This wasn’t the story I was looking to direct you to, but it hits on a theme we’ve been harping on here at Market Talk, so I had to mark it. Perk up your ears, Mouseketeers, because you’re going to be hearing this a lot more in the next couple years.
Real Times Economics picks up on the debt theme, noting that the $13 trillion in U.S. national debt equals 88% of projected 2010 GDP (in a post earlier this week, I compared it to 2009′s GDP and arrived at 90%, but little difference; at current growth rates for both it will soon be 100% of GDP.) That puts the U.S. in a dangerous situation. From the Journal’s Mark Whitehouse:
We’re borrowing to bail out consumers who took on too much credit and couldn’t pay, and to support social-security and Medicare systems we can’t really afford. We’re able to do this because financial markets have maintained a surprising faith that we will eventually get our spending under control, and because the dollar’s role as a global reserve currency has kept our borrowing rates unusually low.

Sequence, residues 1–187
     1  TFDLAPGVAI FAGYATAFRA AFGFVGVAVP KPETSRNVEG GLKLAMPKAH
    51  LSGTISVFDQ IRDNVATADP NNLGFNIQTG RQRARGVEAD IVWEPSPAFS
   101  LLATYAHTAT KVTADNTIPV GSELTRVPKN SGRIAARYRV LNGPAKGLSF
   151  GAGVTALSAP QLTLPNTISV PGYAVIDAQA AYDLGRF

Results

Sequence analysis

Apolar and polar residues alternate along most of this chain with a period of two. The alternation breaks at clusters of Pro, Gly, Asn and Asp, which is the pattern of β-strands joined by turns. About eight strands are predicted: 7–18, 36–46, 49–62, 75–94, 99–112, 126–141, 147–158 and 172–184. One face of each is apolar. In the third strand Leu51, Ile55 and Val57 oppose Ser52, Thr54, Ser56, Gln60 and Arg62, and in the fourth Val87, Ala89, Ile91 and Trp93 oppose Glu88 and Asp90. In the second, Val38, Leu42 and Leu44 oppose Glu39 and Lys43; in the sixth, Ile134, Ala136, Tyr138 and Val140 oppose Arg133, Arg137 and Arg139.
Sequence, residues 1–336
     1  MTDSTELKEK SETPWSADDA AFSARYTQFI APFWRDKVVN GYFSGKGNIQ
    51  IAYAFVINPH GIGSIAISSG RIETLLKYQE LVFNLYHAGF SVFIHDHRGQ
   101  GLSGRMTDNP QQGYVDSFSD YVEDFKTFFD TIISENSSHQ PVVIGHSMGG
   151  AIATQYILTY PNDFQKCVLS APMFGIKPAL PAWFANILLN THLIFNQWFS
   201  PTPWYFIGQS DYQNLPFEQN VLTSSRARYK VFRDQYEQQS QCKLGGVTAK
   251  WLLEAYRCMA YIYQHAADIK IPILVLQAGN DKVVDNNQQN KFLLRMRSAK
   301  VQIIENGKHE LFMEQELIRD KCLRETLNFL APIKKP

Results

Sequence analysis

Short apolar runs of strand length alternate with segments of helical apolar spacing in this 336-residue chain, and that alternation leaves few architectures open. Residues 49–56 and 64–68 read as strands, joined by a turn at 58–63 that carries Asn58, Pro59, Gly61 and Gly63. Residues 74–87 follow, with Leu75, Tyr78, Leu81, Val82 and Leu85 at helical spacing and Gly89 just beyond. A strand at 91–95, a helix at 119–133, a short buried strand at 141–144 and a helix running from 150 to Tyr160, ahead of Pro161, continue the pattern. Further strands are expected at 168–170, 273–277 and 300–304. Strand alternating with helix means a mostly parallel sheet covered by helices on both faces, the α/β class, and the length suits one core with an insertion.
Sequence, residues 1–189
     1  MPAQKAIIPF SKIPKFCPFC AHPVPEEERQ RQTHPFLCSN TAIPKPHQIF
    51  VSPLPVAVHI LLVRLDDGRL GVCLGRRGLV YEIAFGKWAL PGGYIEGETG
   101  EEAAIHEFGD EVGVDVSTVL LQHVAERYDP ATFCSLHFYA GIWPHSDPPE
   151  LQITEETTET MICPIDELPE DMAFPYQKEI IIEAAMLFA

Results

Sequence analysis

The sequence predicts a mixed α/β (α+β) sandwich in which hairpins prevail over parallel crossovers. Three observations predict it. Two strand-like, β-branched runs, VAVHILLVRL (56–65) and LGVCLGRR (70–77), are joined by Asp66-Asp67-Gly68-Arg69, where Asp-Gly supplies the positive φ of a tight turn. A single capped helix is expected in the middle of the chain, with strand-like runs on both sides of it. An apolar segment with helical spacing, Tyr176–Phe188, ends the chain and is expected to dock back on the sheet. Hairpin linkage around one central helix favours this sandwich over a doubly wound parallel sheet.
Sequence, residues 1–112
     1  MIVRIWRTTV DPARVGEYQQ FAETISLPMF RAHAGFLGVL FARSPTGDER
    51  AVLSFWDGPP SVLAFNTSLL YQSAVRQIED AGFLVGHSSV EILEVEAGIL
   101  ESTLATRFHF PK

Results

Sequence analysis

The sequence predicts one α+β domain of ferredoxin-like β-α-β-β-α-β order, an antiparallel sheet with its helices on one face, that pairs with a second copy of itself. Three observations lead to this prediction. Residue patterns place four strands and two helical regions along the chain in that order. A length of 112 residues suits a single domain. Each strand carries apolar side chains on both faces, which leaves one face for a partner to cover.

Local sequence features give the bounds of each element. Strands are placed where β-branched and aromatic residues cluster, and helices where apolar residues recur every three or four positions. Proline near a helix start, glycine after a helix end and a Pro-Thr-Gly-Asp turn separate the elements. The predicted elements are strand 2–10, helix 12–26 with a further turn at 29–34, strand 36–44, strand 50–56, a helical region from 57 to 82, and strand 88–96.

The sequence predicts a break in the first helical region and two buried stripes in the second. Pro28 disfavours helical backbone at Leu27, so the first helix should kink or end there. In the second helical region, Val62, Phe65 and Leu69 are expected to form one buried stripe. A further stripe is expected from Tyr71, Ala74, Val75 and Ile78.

The travails of Greece demonstrate the hazard such easy borrowing terms can create. After Greece adopted the euro, markets began to treat it more like any other European economy, allowing it to borrow at interest rates nearly the same as Germany or France. That, in turn, helped Greece get into much deeper debt trouble than it would have otherwise. As a result, it now has to implement austerity measures that will likely yield much deeper economic pain.
I’ll tell you, folks, we are crossing the Rubicon. We are going to be forced into some very hard choices, choices we have been putting off for years, no matter how the economy’s doing. That’s the real takeaway here, that soon no matter how fast the economy is growing, it won’t be able to keep up with our debts.
I disagree with Mark on one point, though. I don’t think our creditors and the markets are giving the U.S. a pass because they believe the government will eventually get spending under control. There simply is zero evidence that that’s going to happen. No, the markets are giving the U.S. a pass because the thought of a sovereign debt crisis in the world’s largest economy, which prints the world’s reserve currency, and which is in times of trouble the ultimate safe haven, is simply too terrifying to even contemplate.
But you’d be wise to do so.